Others dismissed Trump’s comments as “politics” and suggested the president’s words were being used to create a negative narrative.

“It’s very clear to me that he’s going to push them to pay, but I don’t think he’s going to pull back,” said Senator Lindsey Graham (RS.C.). “He’s trying to make a point, I don’t care about it at all. “

Sen. Marco Rubio (R-Fla.), speaking to CNN on Sunday, apologized for Trump’s comments by saying they should not be taken literally and arguing that the former president was just ” tell a story” about “how he used leverage to get people. step up to the plate and be more active in NATO.”

“Trump is not a member of the Council on Foreign Relations,” Rubio said on “State of the Union.” “He doesn’t speak like a traditional politician. “

Most dismissed the idea that Trump was actively trying to encourage Russian aggression.

“None of us want to see war in Europe and I don’t think there will be one at all,” said Senator Mike Rounds (RSD). “I’m pretty sure the president doesn’t want to see us in a war with Russia.”

Tillis also noted that “any attack on the NATO alliance would have devastating consequences for the American men and women deployed to protect them.”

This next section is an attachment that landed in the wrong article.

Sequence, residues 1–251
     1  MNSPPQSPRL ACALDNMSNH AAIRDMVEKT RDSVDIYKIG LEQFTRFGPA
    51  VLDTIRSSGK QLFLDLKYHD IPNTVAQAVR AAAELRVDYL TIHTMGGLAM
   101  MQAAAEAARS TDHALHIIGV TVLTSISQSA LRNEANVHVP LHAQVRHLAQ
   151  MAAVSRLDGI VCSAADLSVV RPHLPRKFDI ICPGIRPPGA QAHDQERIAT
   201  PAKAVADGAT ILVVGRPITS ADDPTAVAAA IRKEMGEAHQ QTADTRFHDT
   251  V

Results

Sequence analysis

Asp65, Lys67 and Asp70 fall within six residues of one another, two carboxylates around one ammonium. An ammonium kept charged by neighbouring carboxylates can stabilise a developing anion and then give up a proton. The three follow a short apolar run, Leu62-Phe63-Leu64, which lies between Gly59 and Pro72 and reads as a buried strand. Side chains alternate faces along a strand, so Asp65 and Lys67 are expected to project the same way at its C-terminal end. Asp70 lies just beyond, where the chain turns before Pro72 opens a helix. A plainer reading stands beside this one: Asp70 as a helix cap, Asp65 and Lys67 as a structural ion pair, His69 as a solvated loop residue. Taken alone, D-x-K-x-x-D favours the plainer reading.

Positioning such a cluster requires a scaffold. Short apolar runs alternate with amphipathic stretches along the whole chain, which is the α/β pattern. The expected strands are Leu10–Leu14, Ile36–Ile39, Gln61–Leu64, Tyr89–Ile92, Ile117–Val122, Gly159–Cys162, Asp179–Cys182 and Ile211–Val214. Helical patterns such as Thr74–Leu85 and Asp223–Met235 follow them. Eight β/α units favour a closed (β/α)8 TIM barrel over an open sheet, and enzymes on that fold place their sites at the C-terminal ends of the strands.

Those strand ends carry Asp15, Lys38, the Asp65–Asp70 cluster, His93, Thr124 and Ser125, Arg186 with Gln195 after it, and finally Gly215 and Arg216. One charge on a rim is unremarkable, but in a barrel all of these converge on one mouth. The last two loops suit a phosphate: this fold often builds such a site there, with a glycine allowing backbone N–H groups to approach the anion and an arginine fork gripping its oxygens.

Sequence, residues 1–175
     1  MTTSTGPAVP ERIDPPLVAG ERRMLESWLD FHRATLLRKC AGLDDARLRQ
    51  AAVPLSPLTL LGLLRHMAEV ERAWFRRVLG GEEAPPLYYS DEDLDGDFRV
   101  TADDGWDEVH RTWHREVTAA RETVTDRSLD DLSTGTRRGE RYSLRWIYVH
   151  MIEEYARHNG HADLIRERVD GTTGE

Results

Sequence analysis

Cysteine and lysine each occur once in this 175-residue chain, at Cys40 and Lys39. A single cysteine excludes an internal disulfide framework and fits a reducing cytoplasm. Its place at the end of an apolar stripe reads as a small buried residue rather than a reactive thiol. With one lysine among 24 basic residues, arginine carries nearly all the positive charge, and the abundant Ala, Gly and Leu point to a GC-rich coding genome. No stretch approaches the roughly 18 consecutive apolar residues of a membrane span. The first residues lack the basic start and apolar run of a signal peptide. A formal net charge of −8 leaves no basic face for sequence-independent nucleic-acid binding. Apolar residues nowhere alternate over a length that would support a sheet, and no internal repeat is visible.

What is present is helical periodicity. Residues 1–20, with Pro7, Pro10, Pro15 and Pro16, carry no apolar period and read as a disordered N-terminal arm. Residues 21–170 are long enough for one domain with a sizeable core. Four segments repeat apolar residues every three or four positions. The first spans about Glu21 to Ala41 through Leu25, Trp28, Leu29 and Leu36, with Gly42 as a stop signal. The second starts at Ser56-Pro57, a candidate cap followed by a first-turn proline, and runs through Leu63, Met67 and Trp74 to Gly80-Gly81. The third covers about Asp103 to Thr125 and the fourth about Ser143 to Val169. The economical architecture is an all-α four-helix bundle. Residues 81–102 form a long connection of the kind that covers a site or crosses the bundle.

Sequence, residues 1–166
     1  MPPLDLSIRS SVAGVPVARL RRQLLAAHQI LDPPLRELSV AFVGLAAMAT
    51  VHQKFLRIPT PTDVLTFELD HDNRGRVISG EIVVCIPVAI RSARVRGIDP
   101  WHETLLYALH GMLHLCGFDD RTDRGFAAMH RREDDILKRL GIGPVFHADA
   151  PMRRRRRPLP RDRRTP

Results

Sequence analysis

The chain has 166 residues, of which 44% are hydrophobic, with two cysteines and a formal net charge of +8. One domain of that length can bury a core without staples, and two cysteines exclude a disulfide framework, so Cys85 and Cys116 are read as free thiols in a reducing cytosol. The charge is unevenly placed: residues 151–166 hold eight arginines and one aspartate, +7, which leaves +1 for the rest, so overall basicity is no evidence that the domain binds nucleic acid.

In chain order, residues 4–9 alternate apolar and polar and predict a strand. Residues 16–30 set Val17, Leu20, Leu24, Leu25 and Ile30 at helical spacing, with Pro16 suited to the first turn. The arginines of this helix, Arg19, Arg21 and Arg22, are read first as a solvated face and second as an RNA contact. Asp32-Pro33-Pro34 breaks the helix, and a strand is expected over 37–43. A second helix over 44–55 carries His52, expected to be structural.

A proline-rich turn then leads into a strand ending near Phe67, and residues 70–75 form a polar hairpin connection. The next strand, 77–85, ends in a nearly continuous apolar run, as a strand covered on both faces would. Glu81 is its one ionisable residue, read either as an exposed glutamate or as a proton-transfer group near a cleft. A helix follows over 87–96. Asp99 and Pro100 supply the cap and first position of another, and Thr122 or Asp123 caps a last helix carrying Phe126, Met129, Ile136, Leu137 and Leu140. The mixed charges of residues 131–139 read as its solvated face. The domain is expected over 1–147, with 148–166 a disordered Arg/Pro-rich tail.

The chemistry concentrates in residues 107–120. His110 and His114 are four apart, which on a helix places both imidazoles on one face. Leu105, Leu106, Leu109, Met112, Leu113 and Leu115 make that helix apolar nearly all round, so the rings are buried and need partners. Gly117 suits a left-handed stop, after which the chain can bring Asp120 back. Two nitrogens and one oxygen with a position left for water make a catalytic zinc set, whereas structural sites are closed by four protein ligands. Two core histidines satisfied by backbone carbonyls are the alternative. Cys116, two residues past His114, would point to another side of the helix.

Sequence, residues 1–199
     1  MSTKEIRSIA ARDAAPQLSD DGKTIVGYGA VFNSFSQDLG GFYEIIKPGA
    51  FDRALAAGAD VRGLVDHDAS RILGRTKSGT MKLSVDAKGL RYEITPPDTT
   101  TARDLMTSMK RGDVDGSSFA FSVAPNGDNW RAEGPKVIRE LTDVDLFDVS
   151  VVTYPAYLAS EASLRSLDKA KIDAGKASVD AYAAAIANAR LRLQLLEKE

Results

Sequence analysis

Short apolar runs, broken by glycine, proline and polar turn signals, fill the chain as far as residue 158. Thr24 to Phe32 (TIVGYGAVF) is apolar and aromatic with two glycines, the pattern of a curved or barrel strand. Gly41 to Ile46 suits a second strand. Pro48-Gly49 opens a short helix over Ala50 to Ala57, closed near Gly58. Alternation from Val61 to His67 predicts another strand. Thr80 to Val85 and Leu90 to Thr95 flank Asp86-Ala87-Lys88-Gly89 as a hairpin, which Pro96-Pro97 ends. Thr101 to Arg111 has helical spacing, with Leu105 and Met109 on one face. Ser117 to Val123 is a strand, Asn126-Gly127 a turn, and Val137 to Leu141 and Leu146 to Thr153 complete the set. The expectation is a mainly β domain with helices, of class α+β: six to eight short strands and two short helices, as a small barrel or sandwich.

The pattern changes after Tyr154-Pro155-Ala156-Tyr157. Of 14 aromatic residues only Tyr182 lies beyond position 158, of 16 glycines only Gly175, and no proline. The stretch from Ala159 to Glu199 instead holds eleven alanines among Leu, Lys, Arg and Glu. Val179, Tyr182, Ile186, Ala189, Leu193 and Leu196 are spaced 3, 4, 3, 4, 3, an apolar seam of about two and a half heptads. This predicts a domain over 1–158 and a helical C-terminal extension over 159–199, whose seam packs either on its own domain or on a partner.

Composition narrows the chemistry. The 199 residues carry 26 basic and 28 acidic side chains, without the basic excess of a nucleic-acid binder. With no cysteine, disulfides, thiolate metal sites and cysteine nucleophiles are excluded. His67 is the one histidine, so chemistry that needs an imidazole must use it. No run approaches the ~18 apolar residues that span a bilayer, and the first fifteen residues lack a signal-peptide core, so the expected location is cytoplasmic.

Here’s a look at what NATO does

Trump’s comments on NATO were part of his usual campaign trail excoriating members of the alliance who failed to keep a 2006 pledge to increase military spending levels to 2 percent of their country’s GDP.

In 2018, Trump rocked a summit of NATO allies in Brussels with harsh comments suggesting that the United States might not comply with its commitment to protect other alliance members from attack unless they pay more money. Back then, Tillis reassured the nervous allies of the United States by telling them that Congress fully supports the alliance.

“There is no line of praise for ‘Let’s get out of NATO,'” he said then.

On Sunday, senators reaffirmed their commitment to NATO and put the $60 billion in aid to Ukraine on the Senate floor. Ukraine is not a member of the treaty, but many countries that are members of NATO have come together to help the European country to stop the Russian attack.